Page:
The abject body in requests for assisted death: symptomatic, dependent, shameful and temporal

Annette Street, David Kissane

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The debates and drama around euthanasia and physician-assisted suicide death are not new (Stolberg 2007). They have raged for years in many industrialized countries confronted with an aging population, the escalation of health costs and an increase in the medicalization of the dying process. These deliberations on assisted death have been conducted on a number of fronts: issues of personal versus social rights (Bishop 2008); questions of theological, ethical or moral significance (Bishop 2008); decisions on medical authority and community values (Byk 2007, Chapple, Ziebland et al. 2006, Franklin, Ternestedt et al. 2006, Ziegler 2009); disputes on the scope of medical intervention, nursing practice and palliation (Miller, Hedlund et al. 2006) and explorations of statements of desire for death (Hudson, Kristjanson et al. 2006, Hudson, Schofield et al. 2006). The discourses that animate these debates are constructed and defended from within social, moral, religious and medical and ethical positions that situate the person requesting assistance to die, either as an autonomous site of human rights, or as someone whose personhood needs medical, nursing, psychological and spiritual care (Melin-Johansson, Odling et al. 2008, Terry, Olson et al. 2006). Missing from these perspectives is a public acknowledgment of the embodied experiences of the person requesting euthanasia and the effects that the decaying, disintegrating, dependant body-self has on the dying person.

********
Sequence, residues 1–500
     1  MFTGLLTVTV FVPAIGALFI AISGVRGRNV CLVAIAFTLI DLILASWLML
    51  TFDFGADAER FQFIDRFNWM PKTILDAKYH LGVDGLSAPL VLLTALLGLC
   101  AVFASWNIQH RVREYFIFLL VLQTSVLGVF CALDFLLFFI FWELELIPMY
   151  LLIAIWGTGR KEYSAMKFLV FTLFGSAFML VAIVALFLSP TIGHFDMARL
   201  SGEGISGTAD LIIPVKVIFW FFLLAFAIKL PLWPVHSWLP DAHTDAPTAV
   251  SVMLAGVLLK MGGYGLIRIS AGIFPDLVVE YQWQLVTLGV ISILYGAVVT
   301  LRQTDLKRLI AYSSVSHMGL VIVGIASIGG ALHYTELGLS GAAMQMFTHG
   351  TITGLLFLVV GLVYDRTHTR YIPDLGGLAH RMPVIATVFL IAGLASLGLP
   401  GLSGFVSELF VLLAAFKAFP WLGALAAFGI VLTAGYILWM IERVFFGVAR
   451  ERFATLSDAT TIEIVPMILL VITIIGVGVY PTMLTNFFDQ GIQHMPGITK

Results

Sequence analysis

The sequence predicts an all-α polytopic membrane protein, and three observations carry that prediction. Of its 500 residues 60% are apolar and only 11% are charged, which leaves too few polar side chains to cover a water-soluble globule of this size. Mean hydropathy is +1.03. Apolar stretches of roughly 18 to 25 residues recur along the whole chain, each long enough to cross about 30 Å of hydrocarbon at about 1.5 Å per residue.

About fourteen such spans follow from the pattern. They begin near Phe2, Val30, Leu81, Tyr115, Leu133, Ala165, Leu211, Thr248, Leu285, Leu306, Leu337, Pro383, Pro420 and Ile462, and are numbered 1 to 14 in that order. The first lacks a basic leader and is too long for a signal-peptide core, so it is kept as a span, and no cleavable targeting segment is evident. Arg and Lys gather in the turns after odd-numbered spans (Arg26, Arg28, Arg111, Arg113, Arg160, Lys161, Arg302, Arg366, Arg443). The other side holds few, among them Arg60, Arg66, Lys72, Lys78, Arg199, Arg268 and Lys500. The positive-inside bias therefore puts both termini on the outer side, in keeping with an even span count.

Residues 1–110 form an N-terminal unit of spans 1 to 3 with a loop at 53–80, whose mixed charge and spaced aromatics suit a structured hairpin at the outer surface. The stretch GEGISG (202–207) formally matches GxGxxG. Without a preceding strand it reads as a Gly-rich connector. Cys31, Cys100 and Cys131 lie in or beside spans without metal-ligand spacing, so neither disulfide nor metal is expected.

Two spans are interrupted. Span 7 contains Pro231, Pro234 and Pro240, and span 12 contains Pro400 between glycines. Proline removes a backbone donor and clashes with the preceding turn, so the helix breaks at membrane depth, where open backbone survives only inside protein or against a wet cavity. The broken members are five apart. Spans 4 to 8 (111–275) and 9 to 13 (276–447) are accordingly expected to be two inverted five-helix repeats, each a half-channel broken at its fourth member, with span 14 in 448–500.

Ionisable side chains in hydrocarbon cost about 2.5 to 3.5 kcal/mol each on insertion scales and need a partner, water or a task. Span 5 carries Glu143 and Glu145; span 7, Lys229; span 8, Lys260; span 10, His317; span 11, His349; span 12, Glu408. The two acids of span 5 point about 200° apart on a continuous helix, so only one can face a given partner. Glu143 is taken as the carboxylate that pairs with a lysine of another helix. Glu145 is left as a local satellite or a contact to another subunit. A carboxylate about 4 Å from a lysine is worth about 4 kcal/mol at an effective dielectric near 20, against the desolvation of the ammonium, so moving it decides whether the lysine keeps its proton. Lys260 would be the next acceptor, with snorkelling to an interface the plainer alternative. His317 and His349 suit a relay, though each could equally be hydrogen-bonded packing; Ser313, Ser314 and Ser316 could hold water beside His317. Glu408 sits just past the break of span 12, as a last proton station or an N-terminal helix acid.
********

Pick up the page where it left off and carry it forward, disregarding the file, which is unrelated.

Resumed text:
Original languageEnglish
Title of host publicationAbjectly Boundless
Subtitle of host publicationBoundaries, Bodies and Health Work
EditorsTrudy Rudge, Dave Holmes
Place of PublicationOxon UK
PublisherTaylor & Francis
Number of pages20
ISBN (Electronic)9781317186168
ISBN (Print)9780754679103
Publication statusPublished - Jan 2016
Externally publishedYes

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